Paula Tutman reflects on 36 years of TV reporting, starting with her first day in Knoxville

By Paula Tutman - Reporter

Paula Tutman reports for WATE TV in Knoxville, Tenn. in the 1980s.

Yup. I think it was today.

I think today, 36 years ago, I drove up the driveway to Greystone in Knoxville, Tenn. for my first day at WATE, Eyewitness News 6. I think I was driving a yellow AMC Spirit with a faulty stick shift. I found a video from that era. I think coupons had just been invented, or something like that.

I laugh when I see it. Who was that kid? Oh, it was me.

As a child my sibbies and I were not allowed to watch television, but we got our parents back. We all ended up in the TV news business. The very first time I ever saw a full news program, I was on it as a reporter. Since then the call-letters have changed, and so have the newsrooms. Some assignments are staples no matter what city you are reporting from. The days are usually long. If there’s a snowstorm I’ll likely be the one standing on a snowy overpass in a furry hat telling you to stay home.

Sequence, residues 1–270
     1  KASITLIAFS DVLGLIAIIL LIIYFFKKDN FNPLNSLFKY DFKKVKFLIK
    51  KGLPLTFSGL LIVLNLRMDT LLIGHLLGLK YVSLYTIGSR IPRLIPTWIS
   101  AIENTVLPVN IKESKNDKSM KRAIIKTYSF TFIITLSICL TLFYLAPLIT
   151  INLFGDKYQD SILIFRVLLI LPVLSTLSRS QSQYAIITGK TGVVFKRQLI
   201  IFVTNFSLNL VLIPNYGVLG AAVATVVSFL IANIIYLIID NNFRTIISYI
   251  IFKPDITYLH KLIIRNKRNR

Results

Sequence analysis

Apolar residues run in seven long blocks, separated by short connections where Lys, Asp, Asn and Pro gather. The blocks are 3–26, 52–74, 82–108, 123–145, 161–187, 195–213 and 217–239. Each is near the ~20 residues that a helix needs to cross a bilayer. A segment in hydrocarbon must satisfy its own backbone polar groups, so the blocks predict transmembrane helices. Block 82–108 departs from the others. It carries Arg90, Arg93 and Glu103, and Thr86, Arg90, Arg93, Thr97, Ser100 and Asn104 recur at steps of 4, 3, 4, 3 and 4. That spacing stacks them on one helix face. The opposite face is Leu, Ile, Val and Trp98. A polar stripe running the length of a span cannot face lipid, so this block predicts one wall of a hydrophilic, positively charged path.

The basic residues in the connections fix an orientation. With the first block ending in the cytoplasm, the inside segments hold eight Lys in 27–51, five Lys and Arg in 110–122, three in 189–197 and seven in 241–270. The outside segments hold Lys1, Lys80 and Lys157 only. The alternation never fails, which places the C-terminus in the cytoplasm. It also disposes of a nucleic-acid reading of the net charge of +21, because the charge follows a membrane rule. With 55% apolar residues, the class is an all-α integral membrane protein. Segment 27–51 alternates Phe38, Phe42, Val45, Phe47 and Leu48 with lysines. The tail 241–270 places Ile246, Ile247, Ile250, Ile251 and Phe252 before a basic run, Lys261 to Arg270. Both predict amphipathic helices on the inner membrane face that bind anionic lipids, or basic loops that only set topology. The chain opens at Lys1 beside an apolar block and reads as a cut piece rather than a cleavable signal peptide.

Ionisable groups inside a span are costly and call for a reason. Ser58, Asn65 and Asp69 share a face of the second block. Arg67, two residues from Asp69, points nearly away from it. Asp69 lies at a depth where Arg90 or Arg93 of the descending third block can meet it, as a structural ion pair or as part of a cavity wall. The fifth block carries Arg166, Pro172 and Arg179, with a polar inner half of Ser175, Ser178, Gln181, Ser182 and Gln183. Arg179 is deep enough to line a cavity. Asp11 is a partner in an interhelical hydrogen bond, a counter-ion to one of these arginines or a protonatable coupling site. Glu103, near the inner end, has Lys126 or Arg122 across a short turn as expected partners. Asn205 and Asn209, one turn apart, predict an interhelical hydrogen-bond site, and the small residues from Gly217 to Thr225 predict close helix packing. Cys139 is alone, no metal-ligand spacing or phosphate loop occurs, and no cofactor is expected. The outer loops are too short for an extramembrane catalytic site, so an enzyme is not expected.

Through these many years, I’ve reported on breaking news and flower shows. I have had great adventures when I can’t believe I’m being paid for this work, and other days when I believe I’m not being paid nearly enough. I’ve met Presidents and world leaders. Titans of industry and kid entrepreneurs. Criminals and heroes. My favorite interviews, however, are the ones when I stumble over interesting people on the street doing interesting things.

There are a handful of stories that changed me as a person. A few have changed my world view. Some have broken my heart. I love the people who appreciate me and I get a good laugh at the haters and detractors.

I can honestly say that more than 3 and 1/2 decades later I am even more passionate about this profession and more steadfastly aware that journalists are needed to insure democracy. I’m a lot more plump, perhaps a little wiser, I can’t see without eyeglasses, I don’t understand Instagram and still struggle with email on occasion. I’ve since traded a typewriter for a laptop keyboard, Xerox carbon paper for copiers, payphones for cell phones and I can now go live from a gadget the size of a backpack instead of a truck the size of a bungalow.

And I can truly say that 36 years later, I still love what I do. Low and behold, it’s snowing this morning. I’m sure I’ll see you today at WDIV Local 4 -- from a snowy overpass -- and glad of it.

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